Tracheobronchoplasty for tracheomalacia
Perspective

Tracheobronchoplasty for tracheomalacia

Cameron D. Wright, Douglas J. Mathisen

Division of Thoracic Surgery, Massachusetts General Hospital, Boston, MA, USA

Correspondence to: Cameron D. Wright, MD. Division of Thoracic Surgery, Founders 7, Massachusetts General Hospital, 55 Fruit Street, Boston, MA 02114, USA. Email: cdwright@mgh.harvard.edu.

Tracheobronchomalacia is an uncommon acquired disorder of the central airways. Common symptoms include dyspnea, constant coughing, inability to raise secretions and recurrent respiratory infections. Evaluation includes an inspiratory-expiratory chest computed tomography (dynamic CT), an awake functional bronchoscopy and pulmonary function studies. Patients with significant associated symptoms and severe collapse on CT and bronchoscopy are offered membraneous wall plication. Tracheobronchoplasty is performed through a right thoracotomy. The posterior airway is exposed after the azygous vein is ligated. The posterior wall of the trachea (and usually both main bronchi) is plicated to a sheet of thick acellular dermis (or polypropylene mesh) with a series of 4 mattress sutures of 4-0 sutures from the thoracic inlet to the bottom of the trachea to re-shape the trachea and restore the normal D shape. Patients report generally good results with improvement of their symptoms. Quality of life is usually improved while pulmonary function tests usually are not improved.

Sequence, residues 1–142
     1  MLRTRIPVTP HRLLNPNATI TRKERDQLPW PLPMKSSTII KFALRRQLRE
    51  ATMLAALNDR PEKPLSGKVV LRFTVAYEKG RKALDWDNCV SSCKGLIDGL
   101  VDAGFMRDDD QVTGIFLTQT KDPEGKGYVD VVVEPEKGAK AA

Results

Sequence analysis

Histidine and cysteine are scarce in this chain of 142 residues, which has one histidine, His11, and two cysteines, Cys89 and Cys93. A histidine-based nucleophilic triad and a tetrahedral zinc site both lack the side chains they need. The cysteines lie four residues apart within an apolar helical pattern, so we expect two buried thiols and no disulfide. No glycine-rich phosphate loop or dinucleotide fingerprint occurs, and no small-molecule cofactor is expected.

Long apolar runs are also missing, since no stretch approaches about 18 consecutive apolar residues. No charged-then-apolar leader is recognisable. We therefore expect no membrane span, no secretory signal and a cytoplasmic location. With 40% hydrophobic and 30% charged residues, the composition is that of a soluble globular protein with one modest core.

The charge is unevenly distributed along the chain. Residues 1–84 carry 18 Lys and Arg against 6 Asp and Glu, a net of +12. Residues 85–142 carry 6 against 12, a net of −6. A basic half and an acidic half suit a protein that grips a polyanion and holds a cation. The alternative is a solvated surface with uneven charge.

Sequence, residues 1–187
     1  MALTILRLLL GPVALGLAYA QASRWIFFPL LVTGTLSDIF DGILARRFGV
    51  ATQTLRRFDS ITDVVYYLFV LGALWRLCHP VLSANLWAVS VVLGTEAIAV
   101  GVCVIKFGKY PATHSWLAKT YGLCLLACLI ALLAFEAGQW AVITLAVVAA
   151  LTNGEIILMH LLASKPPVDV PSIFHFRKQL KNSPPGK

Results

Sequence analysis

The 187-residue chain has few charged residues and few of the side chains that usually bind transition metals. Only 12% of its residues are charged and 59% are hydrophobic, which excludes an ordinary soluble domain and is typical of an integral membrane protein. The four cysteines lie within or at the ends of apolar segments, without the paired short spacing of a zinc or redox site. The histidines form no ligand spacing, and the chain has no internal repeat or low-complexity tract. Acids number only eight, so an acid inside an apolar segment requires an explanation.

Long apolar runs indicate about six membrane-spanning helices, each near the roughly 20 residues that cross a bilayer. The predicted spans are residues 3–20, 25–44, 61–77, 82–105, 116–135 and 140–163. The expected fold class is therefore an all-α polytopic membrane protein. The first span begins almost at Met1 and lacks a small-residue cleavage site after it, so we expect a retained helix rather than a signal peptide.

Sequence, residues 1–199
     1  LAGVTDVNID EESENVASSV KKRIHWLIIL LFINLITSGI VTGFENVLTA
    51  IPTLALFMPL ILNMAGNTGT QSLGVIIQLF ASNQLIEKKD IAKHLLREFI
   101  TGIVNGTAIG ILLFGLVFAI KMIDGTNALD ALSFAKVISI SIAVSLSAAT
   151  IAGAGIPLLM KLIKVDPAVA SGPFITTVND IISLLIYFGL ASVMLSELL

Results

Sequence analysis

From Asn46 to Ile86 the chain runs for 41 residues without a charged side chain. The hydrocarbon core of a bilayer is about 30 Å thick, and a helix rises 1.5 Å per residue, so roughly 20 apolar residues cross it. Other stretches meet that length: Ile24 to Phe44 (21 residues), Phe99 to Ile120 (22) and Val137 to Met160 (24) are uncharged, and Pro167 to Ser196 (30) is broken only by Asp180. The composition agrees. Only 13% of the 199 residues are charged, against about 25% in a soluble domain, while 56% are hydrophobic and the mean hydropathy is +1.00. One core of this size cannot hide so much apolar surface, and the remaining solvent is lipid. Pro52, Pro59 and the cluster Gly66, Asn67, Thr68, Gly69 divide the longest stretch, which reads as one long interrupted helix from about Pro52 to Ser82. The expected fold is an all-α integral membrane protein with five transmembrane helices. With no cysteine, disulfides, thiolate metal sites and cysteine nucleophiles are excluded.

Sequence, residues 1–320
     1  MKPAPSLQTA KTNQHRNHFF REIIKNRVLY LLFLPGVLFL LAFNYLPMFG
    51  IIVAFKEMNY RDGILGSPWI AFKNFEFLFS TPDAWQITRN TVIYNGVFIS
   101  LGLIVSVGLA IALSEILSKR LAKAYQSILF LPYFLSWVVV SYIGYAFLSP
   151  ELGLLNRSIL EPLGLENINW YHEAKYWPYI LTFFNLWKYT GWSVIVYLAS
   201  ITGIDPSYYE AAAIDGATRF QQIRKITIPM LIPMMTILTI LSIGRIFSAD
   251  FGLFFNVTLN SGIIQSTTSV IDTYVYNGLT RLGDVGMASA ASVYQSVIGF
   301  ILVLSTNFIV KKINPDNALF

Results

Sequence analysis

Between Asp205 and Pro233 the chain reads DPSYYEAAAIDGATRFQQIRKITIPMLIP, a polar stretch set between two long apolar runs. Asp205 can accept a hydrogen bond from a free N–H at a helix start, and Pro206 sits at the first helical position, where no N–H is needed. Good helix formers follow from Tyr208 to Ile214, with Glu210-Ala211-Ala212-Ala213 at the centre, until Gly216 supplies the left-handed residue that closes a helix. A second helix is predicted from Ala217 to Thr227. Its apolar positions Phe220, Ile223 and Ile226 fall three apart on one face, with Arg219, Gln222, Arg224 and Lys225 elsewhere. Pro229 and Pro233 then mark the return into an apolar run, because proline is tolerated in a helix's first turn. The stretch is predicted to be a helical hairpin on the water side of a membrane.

Keywords: Tracheoplasty; tracheomalacia; tracheal surgery


Submitted Nov 06, 2017. Accepted for publication Jan 08, 2018.

doi: 10.21037/acs.2018.01.19


Introduction